2005 – In a legal system with more than enough stupid lawsuits, Thomas Slattery’s suit against Apple is one of the dumbest. For those who haven’t been paying attention or believed this had to be from of The Onion or Weekly World News, the truth is that Slattery has initiated a class action suit against Apple, claiming that the company is “unjustly enriched” by an iPod/iTunes/iTunes Music Store monopoly.
Monopoly, as in the only game in town – or at least something that dominates the market as strongly as Windows does operating systems, Word does word processing, and Excel does spreadsheets.
Slattery contends that Apple restricts iPod owners to using the iTunes Music Store, using its exclusive FairPlay DRM and near monopoly power to prevent iPod users from using alternative online music services.
The market loves iPods. Apple has sold, what, 30 million of the portable digital music players, and that accounts for about 75-80% of the market. Apple definitely dominates that market, but there are plenty of other MP3 players on the market – many of which use Microsoft’s PlaysForSure DRM system, which is incompatible with the iPod.
A lot of people love iTunes. Mac users. Windows users. iPod users. People who don’t use iPods. Like the iPod, iTunes works with protected content purchased from the iTunes Music Store (iTMS). Like the iPod, iTunes also works with MP3 and unprotected AAC files.
Apple designed iTunes and the iPod to work together seamlessly, but iTunes is much more than a front end for the iPod. iTunes lets you organize your existing MP3 collection, rip your CDs to MP3 or AAC format, play your tracks, create playlists and burn CDs, synchronize your music library with your iPod, and buy tracks from Apple’s iTunes Music Store.
The iPod dominates the player market. iTMS dominates the music download market. FairPlay protected content only works on one line of MP3 players – Apple’s iPods. iPod owners and iTunes users have only one online source for buying DRM-protected content.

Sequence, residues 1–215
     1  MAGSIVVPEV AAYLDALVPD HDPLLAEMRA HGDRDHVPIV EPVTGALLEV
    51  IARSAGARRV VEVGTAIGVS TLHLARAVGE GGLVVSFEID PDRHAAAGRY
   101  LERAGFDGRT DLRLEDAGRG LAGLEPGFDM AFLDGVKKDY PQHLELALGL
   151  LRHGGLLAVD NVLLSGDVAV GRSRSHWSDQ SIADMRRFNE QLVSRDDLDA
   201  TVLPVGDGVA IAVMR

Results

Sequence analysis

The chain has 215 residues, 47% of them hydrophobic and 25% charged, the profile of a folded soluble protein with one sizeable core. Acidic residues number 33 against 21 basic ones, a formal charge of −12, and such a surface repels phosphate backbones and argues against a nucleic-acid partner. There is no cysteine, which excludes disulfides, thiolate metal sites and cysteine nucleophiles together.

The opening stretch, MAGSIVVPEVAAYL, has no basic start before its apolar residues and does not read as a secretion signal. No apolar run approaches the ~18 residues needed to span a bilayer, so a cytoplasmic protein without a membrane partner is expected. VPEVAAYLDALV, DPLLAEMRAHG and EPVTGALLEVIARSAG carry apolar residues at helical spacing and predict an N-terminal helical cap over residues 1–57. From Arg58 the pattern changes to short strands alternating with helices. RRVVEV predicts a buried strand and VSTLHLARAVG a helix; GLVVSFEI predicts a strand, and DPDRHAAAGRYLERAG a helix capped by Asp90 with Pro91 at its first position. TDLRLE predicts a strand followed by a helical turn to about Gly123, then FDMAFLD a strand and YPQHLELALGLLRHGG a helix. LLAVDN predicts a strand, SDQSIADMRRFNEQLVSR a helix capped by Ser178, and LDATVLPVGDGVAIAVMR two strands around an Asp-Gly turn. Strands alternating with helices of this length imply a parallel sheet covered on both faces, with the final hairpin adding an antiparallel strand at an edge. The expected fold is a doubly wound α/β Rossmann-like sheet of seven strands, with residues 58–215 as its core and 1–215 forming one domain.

That said, there’s a difference between being dominant within a market by providing an integrated solution and using monopoly powers to control the market.
It was a monopoly when Standard Oil virtually owned the US oil industry (at 90%, a smaller portion of its market than Microsoft has in operating systems and word processing). The US government broke Standard Oil into 34 pieces in 1911 – including 11 regional oil companies. Brands descended from the Standard Oil monopoly include Mobil, Esso, Humble, Sohio, Sinclair, Conoco, Chevron, Texaco, Amoco, Arco, Marathon, and Exxon.
By 1941, mergers had turned the 11 “baby Standards” into 7, but only Esso had attempted to expand its market beyond its geographic base. Twenty years later, mergers had reduced these 7 brands to 5, and Esso had further expanded into the South.
With continued mergers, the “baby Standards” turned into Exxon-Mobil, Chevron, and Amoco, which merged with BP (British Petroleum) so you now buy Amoco fuels at BP gas stations.
The biggest monopoly breakup in recent decades came when the US government broke up “Ma Bell” into six regional phone companies and one long distance company, which retained the AT&T name. Twenty years later, several of these have merged – the same thing that happened to the “baby Standards” over the years.
But there was a bigger change. With the AT&T breakup, the “baby Bells” began to face competition from other companies offering local phone service. And then came cell phones, which completely changed the infrastructure. Today the traditional phone companies are fighting a holding action as more and more Americans switch to mobile phones.
The pattern there has been familiar – from many competitors come mergers, and with mergers come companies with broader, wider, deeper markets. Cingular and Sprint/Nextel seem to dominate today, and Centennial wireless appears to be seeking suitors. The small companies can only survive by merging into larger ones.
More recently, the US government and the EU have declared Microsoft a monopoly, but for some reason the “trust busters” didn’t break up Microsoft’s monopoly. To this day Microsoft Windows controls about 95% of the operating system market, Microsoft Word has a virtual lock on the word processing market, Microsoft Excel is far and away the dominant spreadsheet, PowerPoint means digital slide shows, and Internet Explorer is the vector of choice for malware coders.